Most of what I said about kissing applies to genitally penetrating intercourse, too. It is not uncommon for people to develop hives as a result of the vibration, pressure, heat and friction of intercourse. Swelling after sex, called postcoital edema, is also not unusual. Sex is also a known trigger for asthma and rhinitis. Several aspects of sex, including the heat and emotion, can activate the autonomic nervous system and cause release of mast cell mediators. Importantly, studies have revealed that the allergic effects of sex are not due to the physical exertion (ie. exercise anaphylaxis).
While local reactions are more common, there is precedent for sex causing multisystem allergic response or anaphylaxis. The person receiving the vaginal penetration is more likely to have anaphylaxis following sex, especially if they are strongly sensitized to food or medications. Seminal fluid can contain food or drug allergens. Aspirin and penicillin derivatives have been reported to cause allergic reactions from sex, called postcoital hypersensitivity. Transfer of pollens from the clothes or skin of the partner can also cause allergic reactions.
One product we have not yet discussed that can cause contact dermatitis and anaphylaxis is condoms. 25% of reactions to latex condoms cause hives over large portions of the body, angioedema and respiratory symptoms. There are latex alternative condoms, but many patients react to those as well.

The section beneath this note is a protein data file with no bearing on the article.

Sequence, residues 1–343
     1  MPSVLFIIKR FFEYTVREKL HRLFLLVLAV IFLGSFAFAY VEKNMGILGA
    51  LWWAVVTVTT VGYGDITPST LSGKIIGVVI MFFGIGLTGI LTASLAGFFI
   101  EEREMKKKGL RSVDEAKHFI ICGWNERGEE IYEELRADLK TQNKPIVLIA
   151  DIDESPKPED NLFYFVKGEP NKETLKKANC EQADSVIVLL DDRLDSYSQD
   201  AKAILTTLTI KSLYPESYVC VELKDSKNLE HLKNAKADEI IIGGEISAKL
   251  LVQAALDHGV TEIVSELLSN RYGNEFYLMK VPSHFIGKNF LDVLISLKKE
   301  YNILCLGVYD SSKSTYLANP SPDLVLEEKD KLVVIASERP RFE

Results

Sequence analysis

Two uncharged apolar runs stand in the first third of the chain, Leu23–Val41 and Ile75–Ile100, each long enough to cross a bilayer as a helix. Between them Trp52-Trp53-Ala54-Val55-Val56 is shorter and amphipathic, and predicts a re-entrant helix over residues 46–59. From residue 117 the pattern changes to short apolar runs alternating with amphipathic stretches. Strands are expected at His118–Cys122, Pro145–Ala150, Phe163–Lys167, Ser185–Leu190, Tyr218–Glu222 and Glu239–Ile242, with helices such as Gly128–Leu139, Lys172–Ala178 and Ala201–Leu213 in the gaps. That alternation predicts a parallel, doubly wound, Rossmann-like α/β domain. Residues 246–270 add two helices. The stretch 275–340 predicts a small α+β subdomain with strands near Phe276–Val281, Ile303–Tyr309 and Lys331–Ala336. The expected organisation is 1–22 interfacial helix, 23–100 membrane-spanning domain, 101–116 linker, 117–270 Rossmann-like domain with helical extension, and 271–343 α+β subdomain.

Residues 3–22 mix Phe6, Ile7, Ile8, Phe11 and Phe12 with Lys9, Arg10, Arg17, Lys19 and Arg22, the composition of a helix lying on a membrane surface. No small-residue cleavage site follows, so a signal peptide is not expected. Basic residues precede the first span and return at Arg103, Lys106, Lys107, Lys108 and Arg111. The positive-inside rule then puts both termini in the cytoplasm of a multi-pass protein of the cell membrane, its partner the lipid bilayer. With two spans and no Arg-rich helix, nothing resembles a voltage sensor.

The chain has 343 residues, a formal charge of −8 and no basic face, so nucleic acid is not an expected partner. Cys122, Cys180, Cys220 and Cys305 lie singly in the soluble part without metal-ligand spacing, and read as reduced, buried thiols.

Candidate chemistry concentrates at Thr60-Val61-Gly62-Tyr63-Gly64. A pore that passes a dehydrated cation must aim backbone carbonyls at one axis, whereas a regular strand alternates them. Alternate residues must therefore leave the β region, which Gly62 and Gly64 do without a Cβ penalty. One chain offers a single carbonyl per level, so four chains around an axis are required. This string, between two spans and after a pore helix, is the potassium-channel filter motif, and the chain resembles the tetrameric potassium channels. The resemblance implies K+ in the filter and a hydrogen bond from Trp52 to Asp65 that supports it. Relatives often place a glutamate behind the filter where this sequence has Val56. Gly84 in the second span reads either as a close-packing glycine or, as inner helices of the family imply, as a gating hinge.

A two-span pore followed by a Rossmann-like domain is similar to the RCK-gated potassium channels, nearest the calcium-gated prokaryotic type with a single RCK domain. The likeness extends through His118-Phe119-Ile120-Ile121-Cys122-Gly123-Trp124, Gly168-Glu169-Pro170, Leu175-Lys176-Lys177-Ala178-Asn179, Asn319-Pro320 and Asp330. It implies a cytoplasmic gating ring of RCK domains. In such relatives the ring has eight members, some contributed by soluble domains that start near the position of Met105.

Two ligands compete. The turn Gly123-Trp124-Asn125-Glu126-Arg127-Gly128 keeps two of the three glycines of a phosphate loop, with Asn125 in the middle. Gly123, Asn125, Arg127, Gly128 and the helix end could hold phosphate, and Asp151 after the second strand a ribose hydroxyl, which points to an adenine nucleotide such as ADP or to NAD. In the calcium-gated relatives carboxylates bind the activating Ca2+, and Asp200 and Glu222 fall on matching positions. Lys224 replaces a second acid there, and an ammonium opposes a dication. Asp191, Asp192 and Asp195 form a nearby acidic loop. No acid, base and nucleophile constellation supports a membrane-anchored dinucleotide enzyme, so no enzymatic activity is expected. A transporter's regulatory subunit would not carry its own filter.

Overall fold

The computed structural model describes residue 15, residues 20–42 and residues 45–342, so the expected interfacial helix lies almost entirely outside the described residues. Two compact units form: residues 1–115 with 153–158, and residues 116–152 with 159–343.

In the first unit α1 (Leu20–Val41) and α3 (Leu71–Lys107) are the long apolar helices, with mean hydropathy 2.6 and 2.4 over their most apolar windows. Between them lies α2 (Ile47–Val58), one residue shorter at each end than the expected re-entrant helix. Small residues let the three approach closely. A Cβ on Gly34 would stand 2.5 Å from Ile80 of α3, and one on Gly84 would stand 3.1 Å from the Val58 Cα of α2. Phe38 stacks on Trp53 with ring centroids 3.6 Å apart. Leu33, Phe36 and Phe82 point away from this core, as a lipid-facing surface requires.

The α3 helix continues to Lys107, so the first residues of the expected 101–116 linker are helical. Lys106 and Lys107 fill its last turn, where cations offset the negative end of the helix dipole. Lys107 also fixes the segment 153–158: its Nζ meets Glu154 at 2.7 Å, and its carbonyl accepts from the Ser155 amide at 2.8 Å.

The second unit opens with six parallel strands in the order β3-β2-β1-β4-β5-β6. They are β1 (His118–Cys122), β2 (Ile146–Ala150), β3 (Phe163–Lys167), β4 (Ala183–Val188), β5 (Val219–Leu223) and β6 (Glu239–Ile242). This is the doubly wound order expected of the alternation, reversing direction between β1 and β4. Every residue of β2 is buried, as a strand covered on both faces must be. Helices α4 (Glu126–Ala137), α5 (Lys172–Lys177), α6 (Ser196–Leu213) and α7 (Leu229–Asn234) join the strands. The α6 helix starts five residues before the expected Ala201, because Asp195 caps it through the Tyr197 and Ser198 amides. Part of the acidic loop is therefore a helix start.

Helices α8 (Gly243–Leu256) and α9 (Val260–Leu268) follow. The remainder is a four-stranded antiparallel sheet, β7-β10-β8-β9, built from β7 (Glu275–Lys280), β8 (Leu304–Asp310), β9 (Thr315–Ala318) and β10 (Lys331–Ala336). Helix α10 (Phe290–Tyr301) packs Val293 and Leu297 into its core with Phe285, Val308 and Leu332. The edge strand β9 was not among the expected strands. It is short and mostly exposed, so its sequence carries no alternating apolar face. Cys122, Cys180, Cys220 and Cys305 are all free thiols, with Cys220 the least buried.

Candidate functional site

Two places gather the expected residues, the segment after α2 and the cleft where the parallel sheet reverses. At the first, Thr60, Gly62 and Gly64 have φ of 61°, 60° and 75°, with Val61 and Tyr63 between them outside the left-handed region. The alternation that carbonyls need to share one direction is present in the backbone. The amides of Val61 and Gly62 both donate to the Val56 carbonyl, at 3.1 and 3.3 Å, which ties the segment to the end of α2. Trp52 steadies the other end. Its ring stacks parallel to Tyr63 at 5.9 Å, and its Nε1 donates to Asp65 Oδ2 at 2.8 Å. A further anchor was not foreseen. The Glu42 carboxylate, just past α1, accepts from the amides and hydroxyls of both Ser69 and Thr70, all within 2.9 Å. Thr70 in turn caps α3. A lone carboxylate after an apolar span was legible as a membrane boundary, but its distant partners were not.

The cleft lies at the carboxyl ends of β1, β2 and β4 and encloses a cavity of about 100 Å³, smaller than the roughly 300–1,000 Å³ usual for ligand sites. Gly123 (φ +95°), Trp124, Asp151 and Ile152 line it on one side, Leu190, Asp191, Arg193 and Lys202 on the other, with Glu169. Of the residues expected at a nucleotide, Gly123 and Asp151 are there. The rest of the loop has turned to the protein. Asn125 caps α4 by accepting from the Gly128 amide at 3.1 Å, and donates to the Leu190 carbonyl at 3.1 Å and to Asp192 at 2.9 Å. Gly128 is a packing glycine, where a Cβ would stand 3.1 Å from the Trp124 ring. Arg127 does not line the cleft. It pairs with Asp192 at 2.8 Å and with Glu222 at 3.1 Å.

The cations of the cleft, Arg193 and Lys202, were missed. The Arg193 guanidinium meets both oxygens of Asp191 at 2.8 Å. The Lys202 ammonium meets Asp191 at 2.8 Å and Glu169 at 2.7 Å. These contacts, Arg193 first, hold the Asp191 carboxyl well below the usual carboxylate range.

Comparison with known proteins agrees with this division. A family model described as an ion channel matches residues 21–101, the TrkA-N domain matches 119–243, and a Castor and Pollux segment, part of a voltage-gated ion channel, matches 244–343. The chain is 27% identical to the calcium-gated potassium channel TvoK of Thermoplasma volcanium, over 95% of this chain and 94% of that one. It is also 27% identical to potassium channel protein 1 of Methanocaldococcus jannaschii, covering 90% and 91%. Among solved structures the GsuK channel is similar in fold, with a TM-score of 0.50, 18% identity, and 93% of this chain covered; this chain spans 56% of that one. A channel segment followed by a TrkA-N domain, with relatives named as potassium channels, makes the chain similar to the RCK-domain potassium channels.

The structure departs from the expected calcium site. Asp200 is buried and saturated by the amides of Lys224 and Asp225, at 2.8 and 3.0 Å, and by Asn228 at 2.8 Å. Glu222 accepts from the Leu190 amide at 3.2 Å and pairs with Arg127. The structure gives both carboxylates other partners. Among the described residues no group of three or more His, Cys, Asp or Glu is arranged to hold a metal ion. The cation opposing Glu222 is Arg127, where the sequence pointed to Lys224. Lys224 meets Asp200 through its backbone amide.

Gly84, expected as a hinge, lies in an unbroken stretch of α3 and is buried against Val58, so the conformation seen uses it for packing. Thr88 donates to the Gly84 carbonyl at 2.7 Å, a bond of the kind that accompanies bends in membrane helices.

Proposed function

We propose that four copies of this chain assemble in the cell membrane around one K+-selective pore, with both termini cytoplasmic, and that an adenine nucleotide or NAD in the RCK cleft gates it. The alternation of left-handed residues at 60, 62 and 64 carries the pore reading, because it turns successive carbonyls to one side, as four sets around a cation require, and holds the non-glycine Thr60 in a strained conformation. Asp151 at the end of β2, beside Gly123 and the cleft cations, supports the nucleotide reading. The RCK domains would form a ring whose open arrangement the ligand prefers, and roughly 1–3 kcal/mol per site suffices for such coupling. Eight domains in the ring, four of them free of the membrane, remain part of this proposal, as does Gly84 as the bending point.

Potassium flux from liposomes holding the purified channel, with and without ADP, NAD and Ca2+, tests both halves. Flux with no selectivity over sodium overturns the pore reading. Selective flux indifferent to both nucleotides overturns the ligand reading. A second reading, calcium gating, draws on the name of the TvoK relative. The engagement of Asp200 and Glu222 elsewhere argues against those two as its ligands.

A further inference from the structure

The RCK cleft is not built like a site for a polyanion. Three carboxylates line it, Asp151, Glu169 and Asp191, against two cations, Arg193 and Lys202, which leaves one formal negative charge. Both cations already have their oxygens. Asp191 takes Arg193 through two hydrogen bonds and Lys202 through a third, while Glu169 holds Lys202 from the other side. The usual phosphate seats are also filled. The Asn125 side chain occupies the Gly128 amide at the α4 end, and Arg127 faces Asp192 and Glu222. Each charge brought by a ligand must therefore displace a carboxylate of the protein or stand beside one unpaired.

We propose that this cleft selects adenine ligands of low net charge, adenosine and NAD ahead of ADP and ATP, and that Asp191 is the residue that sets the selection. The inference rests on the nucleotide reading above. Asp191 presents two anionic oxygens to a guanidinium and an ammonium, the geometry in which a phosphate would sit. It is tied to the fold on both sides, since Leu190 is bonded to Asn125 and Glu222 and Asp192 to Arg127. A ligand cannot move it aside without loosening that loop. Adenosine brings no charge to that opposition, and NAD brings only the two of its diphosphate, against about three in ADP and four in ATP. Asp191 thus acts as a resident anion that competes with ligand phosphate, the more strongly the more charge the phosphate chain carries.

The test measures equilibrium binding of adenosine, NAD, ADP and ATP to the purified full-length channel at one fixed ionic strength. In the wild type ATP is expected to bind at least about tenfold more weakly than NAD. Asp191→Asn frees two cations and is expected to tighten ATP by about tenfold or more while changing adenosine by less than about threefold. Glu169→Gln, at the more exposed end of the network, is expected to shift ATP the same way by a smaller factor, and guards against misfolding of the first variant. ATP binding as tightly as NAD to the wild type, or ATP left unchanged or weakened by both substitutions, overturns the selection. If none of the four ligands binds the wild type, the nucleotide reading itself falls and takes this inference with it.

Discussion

Vaginally penetrating intercourse often causes microscopic tearing, mostly due to inadequate lubrication. As a former sex educator, if you think you are using enough lubrication, you are not. It is my personal experience that water based lubricants are better tolerated by most allergy patients for vaginal intercourse. Silicone lubricant is popular because it’s not absorbed by the body and is therefore slicker, whereas water based lubricant often requires reapplication. But that’s okay. That’s why you get a whole bottle.
Contributing to the insufficient lubrication is the fact that most people don’t engage in long enough foreplay. Foreplay provides a number of benefits: it increases naturally secreted vaginal lubrication, increases blood flow to the vagina and tells the cervix to get out of the way. 20 minutes of foreplay is often recommended as a rule of thumb in order to get the vagina in order before penetrating intercourse.
Moisture, friction and heat can cause the vulvar skin to break down. Estrogen plays a large role in keeping this tissue strong and undamaged. Urine on the skin can cause contact dermatitis. Malnutrition and history of genital infections can also contribute towards the reactivity of the tissue. It is also possible to be IgE positive for Candida albicans, a yeast that lives normally in the vagina. Inflammation can upset the balance of the normal flora, resulting not only in vaginal infections but a literal allergy to Candida.
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